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In studying Christianity it is inevitable that one comes to the point where the existence of God is compared to the existence of the Universe. This is loosely embraced in the Cosmological argument.

The cosmological argument is the argument that the existence of the world or universe is strong evidence for the existence of a God who created it. The existence of the universe, the argument claims, stands in need of explanation, and the only adequate explanation of its existence is that it was created by God. Like most arguments for the existence of God, the cosmological argument exists in several forms; two of those are: the temporal, kalam cosmological argument (i.e. the first cause argument), and the modal argument from contingency. The main distinguishing feature between these two arguments is the way in which they evade an initial objection to the argument, introduced with a question: “Does God have a cause of his existence?” [Robin Le Poidevin, Arguing for Atheism, Routledge 1996, Chapter 1]

Basically the reasoning that all things have a causative factor is the basis for proclaiming that God exists. However, the argument is made that if all things must have a causative factor then God also must have a causative factor. In attempting to verify the existence of God the logic of the existence of the Cosmos is an attempt to prove that God exists. The fallacy of this argument lies in the fact that God and creation are existent in two very differing realms. While the Cosmos is in the material realm (where objects have matter and occupy space) God resides in the Spiritual realm (which has no matter and occupies no Space).

Spirituality has no need of a beginning or an end since there is no form of matter to decay.

The concept of the Spiritual Realm is hard to grasp in that it has no substance. My question is does any Denomination separate its belief in Heaven from the prevalent Cosmological arguments and portend that Spirituality having no substance and occupying no space has no need for a causative factor.

  • I thought they all did. Interesting question. – KorvinStarmast Jan 12 '18 at 13:30
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I think you're misunderstanding the cosmological argument. The argument states that everything that we see is contingent on the existence of something else - for anything we see, it wouldn't have come into being if not for the existence of something else. The existence of those things in turn is contingent on other things, and so on. As a consequence, a complete explanation of the existence of anything (including its causes, the causes of its causes,...) must either go on infinitely, or terminate in an entity which could exist without being created. The argument states that there is no actually infinite series in the physical universe, thus that the first of these possibilities cannot occur. Therefore, it concludes, an uncreated being must exist, who is ultimately responsible for the existence of all things in the universe.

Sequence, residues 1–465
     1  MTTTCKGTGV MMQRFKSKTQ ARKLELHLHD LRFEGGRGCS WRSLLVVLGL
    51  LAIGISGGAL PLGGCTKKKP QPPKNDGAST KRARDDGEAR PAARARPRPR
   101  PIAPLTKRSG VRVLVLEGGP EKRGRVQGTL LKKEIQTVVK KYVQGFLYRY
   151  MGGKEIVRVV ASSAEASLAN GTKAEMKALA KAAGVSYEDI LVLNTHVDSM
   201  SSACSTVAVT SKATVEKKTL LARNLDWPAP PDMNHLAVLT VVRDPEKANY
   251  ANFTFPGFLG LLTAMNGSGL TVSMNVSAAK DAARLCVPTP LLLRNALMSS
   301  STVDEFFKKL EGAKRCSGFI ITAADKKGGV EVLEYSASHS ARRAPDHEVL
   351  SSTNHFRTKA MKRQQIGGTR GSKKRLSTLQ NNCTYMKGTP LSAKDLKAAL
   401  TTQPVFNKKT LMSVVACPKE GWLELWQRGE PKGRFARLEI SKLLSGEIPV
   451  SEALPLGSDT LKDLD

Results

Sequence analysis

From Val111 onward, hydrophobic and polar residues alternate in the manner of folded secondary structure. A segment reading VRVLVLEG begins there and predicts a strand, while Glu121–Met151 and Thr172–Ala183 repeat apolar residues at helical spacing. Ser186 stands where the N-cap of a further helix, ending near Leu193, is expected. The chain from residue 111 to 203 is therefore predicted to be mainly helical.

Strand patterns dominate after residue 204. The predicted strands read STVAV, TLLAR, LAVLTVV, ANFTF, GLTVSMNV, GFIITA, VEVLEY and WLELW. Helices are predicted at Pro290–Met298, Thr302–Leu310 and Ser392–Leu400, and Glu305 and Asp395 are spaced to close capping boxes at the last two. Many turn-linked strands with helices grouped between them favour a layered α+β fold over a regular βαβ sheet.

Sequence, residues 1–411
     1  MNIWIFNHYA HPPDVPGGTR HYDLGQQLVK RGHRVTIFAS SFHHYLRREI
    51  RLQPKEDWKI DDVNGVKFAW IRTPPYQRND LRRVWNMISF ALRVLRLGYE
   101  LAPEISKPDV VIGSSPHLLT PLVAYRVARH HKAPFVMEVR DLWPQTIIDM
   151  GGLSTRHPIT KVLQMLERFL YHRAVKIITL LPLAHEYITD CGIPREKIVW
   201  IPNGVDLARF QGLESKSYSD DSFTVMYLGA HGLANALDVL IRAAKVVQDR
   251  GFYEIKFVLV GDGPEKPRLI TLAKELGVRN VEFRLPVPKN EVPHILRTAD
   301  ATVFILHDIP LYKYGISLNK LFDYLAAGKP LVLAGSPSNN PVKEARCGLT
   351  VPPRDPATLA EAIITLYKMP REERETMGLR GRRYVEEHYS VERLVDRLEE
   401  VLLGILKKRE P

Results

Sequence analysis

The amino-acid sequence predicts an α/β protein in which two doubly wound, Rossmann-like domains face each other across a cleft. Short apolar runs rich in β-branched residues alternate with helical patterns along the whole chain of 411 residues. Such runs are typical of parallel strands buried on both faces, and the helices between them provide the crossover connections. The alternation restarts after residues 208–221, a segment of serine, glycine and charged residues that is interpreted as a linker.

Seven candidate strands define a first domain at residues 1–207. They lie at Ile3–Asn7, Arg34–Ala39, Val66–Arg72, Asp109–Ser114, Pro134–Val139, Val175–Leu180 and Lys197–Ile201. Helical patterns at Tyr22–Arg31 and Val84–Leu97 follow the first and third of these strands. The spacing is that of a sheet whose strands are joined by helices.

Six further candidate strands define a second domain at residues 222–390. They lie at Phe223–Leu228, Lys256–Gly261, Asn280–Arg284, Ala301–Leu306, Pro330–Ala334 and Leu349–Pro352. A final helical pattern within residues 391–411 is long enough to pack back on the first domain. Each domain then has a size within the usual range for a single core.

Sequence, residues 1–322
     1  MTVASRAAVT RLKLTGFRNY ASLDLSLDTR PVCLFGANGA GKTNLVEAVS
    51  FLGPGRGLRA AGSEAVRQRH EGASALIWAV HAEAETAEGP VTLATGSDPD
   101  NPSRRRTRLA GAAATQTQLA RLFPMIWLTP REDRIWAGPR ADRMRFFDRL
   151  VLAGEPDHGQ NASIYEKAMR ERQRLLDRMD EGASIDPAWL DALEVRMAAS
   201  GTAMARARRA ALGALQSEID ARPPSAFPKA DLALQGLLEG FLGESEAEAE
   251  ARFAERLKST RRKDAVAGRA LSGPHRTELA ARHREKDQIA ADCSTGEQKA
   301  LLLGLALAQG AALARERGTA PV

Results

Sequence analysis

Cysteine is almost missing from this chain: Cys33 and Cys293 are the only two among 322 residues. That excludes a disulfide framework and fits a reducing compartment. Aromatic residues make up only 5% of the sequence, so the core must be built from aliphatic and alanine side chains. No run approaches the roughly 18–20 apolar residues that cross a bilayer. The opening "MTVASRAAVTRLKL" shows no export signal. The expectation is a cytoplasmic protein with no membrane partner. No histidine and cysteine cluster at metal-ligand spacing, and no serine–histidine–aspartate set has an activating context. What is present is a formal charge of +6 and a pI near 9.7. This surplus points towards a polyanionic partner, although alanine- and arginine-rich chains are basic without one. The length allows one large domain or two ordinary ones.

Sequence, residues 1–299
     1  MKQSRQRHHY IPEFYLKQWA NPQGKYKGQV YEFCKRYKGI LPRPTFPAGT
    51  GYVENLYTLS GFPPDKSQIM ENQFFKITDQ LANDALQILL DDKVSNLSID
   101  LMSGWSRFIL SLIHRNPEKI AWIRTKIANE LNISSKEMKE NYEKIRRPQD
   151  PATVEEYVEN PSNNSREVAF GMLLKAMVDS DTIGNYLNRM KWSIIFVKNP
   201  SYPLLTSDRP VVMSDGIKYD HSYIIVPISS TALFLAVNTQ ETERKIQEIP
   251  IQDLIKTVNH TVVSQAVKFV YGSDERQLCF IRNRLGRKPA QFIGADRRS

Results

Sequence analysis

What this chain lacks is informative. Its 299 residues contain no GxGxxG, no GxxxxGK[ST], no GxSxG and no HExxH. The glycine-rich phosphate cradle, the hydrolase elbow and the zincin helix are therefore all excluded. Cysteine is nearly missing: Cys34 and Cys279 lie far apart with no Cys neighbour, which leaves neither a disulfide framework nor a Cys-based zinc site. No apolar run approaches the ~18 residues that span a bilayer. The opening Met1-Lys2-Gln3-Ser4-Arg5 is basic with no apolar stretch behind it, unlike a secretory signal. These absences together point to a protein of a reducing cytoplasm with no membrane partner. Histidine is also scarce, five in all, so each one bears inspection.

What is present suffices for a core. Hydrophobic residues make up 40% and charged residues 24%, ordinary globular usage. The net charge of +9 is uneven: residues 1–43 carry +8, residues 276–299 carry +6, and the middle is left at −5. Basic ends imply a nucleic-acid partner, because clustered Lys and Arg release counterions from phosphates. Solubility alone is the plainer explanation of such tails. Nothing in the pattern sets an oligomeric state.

The argument is not seen to need to refer to a distinction between spiritual and physical worlds. Thomas Aquinas, for example, listed this as one of his arguments for the existence of God, as well as insisting separately that God, a spiritual being, had no location and took up no space.

Not all people, even within a given denomination, will necessarily give credence to the cosmological argument. I'm not aware of any denomination that specifically states that the reason God is uncreated is that he is a spiritual being.

  • As you say the Cosmological argument states that all things whether visible or invisible has a cause, and uses that argument to say that there must therefore be a uncreated being (God) without a causative factor. I ask if since a Spiritual Realm does not fit into either category of THINGS ; is there a Denomination which believes that God as Spirit is in a class differing from both things visible and invisible. – BYE Jan 12 '18 at 13:03
  • "Is there a Denomination which believes that God as Spirit is in a class differing from both things visible and invisible" doesn't seem to match the question you set in your body, namely "does any Denomination separate its belief in Heaven from the prevalent Cosmological arguments and portend that Spirituality having no substance and occupying no space has no need for a causative factor." Which are you asking? – Matt Gutting Jan 12 '18 at 16:52
  • I hope I'm not showing my ignorance, but aren't they both the same question, worded differently? – BYE Jan 12 '18 at 18:45
  • If I had time is love to talk about it in chat... Not today though. – Matt Gutting Jan 12 '18 at 20:40

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